An important open problem in Transformers is how to expand their attention spans without blowing up the memory footprint. In Adaptive Attention Span in Transformers, a novel self-attention mechanism was proposed that learns the optimal attention span, significantly extending the maximum context size used in Transformers, while maintaining control over memory footprint and computational time. Transformer-XL: Attentive Language Models Beyond a Fixed-Length Context significantly expands the context size used in Transformers by caching previously encoded hidden states (made possible by using relative positional attention). This overcomes a limitation of vanilla Transformers (no information flow across segments, i.e., limited memory). The increased context leads to state-of-the-art results in language modeling. There is a significant amount of follow-up work on Transformer-XL, including the XLNet model. The system (from Microsoft) who achieved the best results in the English-German document-level news translation task at WMT, Towards Large-Scale Document-Level Neural Machine Translation, also encodes large context sizes of up to 1000 subwords, significantly outperforming a sentence-level system both in terms of automatic and human evaluation. Finally, Learning Deep Transformer Models for Machine Translation outperforms a Transformer-Big model (which is wide but not very deep) through a careful use of layer normalization and a novel way of passing the combination of previous layers to the next one (“dynamic linear combination of layers”).

The Duomo as seen from our rooftop.

Avoiding Exposure Bias and Min-Risk Training

The standard way of training models for neural machine translation is by using perplexity as the loss function. This leads to exposure bias — models are given the reference translation as context, rather than their own predictions (this is called “teacher-forcing”). This is different from what happens at test time, when each decision is conditioned on the history of past decisions made by the model itself. This mismatch between training and test-time conditions can lead to error propagation and suboptimal performance, making it hard to recover from early mistakes. Bridging the Gap between Training and Inference for Neural Machine Translation — awarded the best paper — puts together some previously known ideas with some additional tricks. At training time, it generates word-level oracles (with Gumbel-max sampling) and sentence-level oracles (by reranking the candidate translations in the beam with a sentence-level metric). Then, it randomly decides to pick the context from the ground-truth or the oracle by sampling with decay, as in scheduled sampling. We used a similar technique in the Student Research Workshop paper Scheduled Sampling for Transformers.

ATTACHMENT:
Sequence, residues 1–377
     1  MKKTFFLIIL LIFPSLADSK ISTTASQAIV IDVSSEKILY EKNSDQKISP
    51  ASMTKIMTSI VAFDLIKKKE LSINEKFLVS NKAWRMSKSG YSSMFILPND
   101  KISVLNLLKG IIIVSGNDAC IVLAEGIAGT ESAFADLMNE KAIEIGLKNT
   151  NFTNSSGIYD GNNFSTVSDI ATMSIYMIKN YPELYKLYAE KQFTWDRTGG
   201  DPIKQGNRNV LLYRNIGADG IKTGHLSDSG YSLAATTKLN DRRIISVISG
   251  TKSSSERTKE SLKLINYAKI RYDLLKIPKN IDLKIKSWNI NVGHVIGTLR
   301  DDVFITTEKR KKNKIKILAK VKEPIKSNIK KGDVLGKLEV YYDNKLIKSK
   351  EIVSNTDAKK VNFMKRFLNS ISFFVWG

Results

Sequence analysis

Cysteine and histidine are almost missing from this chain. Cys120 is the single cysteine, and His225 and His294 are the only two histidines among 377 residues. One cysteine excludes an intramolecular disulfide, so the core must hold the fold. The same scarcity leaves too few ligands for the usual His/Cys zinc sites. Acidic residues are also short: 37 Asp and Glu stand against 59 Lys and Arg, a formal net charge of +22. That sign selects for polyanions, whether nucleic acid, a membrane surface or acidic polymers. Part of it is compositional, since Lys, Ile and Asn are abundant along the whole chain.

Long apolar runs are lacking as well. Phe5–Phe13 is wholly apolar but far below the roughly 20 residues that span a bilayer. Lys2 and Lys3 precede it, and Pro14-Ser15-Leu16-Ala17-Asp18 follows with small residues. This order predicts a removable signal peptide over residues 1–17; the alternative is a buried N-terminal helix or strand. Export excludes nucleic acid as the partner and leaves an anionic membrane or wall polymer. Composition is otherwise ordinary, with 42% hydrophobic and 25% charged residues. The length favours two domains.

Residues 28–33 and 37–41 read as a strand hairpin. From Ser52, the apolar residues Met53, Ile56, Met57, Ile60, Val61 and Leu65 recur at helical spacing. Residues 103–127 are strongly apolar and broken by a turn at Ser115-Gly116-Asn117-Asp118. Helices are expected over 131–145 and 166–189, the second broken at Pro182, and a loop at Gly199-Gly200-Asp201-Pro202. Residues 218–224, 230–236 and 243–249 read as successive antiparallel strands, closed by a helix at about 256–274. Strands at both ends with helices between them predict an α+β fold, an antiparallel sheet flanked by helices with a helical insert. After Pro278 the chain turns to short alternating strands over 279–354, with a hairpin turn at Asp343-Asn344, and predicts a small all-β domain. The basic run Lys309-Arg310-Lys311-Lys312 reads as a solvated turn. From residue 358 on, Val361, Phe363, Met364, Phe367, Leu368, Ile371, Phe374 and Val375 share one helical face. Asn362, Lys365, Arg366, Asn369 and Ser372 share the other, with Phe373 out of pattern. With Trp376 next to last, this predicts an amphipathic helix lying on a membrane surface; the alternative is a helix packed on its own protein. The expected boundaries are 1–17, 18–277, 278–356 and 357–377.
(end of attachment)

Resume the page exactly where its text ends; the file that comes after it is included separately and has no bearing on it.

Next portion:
In Beyond BLEU: Training Neural Machine Translation with Semantic Similarity, the authors propose “SIMILE,” a metric of Semantic Similarity for NMT. They use minimum risk training to optimize NMT models directly for this metric. Unlike BLEU, this metric encourages diversity and accounts for semantic textual similarity, leading to better performance. In Self-Regulated Interactive Sequence-to-Sequence Learning, a self-regulation training strategy is proposed that allows different types of feedback (corrections, error markups, and self-supervision) to have different costs and effects on learning. The problem is cast as a learning-to-learn problem leading to improved cost-aware sequence-to-sequence learning. Learning Neural Sequence-to-Sequence Models from Weak Feedback with Bipolar Ramp Loss addresses the case where supervision by gold labels is not available and consequently neural models cannot be trained directly by maximizing likelihood. The paper presents several objectives for two separate weakly supervised tasks, machine translation and semantic parsing, showing that objectives should actively discourage negative outputs in addition to promoting a surrogate gold structure — this “bipolarity” is naturally present in ramp loss objectives, and motivates a novel token-level ramp loss objective.